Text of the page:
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Food Critic Secrets

By Stett Holbrook

PEOPLE often ask me: How do you decide what restaurants to review? It works like this. The most important criterion is finding those with good food. Obvious, yes, but easier said than done. There are thousands of restaurants in the South Bay, some good ones, lots of mediocre ones and more than a few bad ones. The best sources for good restaurants are tips from you, dear readers. There's nothing better than hearing from someone who just had a great meal at some little cafe I've never heard of. I jot these places down and add them to my list. Friends and colleagues are also great sources.

In my search for restaurants to review I read various Internet sites, message boards and blogs. Although many of my fellow food critics might not admit it, the Internet is an invaluable source for new restaurants. Chowhound.com, egullet.com, eat.tanspace.com, eatingchinese.org, jatbar.com, zabihah.com and killerrobot.com are all places I look for restaurant leads.

Driving around the South Bay, I always keep an eye out for promising-looking restaurants. That's how I found Martha's taco truck on Bernal Avenue (under the 85 overpass) in San Jose and Sabor Salvadoreño in Santa Clara. Most of the good ones, especially cheap eats, are hidden within the depths of strip malls and off the beaten path. New restaurants are easier to find because they generally find me. Higher-profile restaurants with PR budgets deploy publicists who make sure I know they are opening.

As I decide what restaurants to review, I try to vary the type of cuisine. Silicon Valley is a haven for Vietnamese food, but we'd all get a little bored if I just focused on those restaurants all the time. I also try to vary the price range of the restaurants I review. Most people can't afford to eat at restaurants like Manresa and Le Papillon on a regular basis so I focus on moderate and low-priced most of the time. And truth be told, these are my favorite places to eat. I'd drive a long way for a great al pastor taco or an expertly prepared bowl of ramen.

With a coverage area that stretches from Redwood City all the way down to Morgan Hill, I try to spread out and choose restaurants from all over Silicon Valley and the peninsula. Some cities have more to offer than others and I'll sometimes review restaurants in the same city several weeks in a row. And given that San Jose is the core of Metro's readership, the city gets more attention than others.

So now you know. But again, my most valued sources are readers like you. There are more of you than there are of me, and I depend on you to keep steering me to the good stuff. So please, keep those tips coming.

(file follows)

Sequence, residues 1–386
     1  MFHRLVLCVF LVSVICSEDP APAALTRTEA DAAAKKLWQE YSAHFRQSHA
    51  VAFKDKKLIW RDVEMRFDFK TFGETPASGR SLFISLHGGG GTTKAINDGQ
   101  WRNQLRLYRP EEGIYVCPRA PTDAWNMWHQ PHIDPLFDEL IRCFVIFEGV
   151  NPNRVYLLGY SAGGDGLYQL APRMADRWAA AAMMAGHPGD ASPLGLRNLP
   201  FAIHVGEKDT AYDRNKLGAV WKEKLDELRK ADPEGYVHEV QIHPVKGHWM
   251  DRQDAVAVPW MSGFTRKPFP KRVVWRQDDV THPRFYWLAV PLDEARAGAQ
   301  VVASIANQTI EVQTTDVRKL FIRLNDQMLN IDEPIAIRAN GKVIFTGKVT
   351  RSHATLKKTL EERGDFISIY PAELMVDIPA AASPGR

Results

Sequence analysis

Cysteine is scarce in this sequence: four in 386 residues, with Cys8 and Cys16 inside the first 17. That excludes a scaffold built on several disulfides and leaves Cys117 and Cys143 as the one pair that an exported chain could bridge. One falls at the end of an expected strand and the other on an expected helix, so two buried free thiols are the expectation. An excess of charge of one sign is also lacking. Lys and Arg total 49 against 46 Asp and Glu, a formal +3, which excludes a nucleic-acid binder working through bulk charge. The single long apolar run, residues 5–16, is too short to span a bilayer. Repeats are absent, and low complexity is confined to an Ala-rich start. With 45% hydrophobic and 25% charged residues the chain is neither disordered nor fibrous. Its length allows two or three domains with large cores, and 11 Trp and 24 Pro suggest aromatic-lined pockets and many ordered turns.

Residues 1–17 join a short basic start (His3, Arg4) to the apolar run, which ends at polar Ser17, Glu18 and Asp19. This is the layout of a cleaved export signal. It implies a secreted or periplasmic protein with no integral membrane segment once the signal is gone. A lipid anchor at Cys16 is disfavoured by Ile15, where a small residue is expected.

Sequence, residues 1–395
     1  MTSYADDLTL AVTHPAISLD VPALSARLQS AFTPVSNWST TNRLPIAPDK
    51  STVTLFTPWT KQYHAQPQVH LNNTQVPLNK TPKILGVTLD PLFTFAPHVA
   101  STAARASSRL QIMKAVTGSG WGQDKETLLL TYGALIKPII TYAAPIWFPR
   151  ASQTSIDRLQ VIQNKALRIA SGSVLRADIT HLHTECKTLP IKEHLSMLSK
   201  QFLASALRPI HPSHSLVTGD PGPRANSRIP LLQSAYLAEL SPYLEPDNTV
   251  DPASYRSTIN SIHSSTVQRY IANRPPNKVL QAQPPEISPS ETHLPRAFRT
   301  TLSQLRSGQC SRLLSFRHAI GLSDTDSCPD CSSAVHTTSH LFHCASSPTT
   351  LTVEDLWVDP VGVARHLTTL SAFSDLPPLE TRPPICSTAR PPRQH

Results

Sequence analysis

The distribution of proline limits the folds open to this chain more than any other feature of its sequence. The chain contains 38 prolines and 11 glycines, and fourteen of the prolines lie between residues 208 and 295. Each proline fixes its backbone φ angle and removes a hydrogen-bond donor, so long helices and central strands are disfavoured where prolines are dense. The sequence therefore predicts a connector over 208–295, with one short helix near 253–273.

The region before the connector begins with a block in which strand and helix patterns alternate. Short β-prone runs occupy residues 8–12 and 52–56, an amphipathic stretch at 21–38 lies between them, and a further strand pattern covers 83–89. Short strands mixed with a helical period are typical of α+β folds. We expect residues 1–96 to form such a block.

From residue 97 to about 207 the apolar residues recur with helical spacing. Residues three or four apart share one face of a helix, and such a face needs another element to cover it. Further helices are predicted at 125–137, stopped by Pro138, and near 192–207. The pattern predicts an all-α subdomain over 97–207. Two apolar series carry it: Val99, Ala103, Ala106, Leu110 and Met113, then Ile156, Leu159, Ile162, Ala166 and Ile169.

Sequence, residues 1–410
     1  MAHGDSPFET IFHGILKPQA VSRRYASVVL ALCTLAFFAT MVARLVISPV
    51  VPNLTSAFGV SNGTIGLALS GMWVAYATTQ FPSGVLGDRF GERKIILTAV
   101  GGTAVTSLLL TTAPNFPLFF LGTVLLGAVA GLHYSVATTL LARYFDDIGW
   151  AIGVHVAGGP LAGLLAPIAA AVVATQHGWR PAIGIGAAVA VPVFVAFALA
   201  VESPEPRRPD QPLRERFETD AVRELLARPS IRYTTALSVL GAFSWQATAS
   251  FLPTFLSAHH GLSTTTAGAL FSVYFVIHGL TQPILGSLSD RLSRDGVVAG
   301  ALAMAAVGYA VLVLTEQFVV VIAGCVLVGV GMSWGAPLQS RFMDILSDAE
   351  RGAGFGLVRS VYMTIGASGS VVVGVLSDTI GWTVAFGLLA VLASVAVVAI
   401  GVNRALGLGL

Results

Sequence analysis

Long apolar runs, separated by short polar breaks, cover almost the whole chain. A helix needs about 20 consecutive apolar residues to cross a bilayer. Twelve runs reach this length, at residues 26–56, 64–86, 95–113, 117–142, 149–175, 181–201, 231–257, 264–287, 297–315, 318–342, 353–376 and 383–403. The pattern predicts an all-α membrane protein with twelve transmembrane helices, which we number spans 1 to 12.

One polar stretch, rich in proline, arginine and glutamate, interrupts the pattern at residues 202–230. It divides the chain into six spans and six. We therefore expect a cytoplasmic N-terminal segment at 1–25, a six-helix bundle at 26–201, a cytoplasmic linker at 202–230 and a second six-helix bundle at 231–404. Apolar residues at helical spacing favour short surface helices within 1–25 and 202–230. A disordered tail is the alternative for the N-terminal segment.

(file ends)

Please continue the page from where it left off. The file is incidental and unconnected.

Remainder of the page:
NEW RESTAURANTS ON TAP FOR SAN JOSE: Chris Esparza, former owner of San Jose's late, great Ajax Lounge, is stepping back into the hospitality business with two new restaurants with partners Louis Silva and Brendan Rawson. Esparza, who has been working as a redevelopment consultant, plans to open a casual, neighborhood eatery at 11th and San Carlos called The Garage at 11, which will occupy the 1920s-era Naglee Park Garage at 550 San Carlos next to Top Dog. Silva, who worked with Esparza at Ajax and was later executive chef at The Left Bank in Pleasant Hill, will be the chef and is creating a new American menu that will center around rotisserie-grilled meats as well as local seafood, seasonal produce and fresh baked bread. Look for the restaurant to open in about four weeks.

Across town, Esparza plans to convert the first floor of the German-American Social Club into another neighborhood-friendly and more upscale restaurant and beer garden called 2nd and Devine. The food, which will be overseen by Silva, will reflect a "creative approach" to American and European cuisine, Esparza says.

The building is also home to the Germania Ballroom and will offer banquets and special events. Echoing the building's roots as San Jose first conservatory of music, the restaurant will offer arts and music events including performances by local nonprofit arts organizations, small touring musical performances, monthly film showings, food, beer and wine tastings, and literary presentations.~Second and Devine is slated to open in about six months.

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From the September 28-October 4, 2005 issue of Metro, Silicon Valley's Weekly Newspaper.

Copyright © 2005 Metro Publishing Inc. Metroactive is affiliated with the Boulevards Network.

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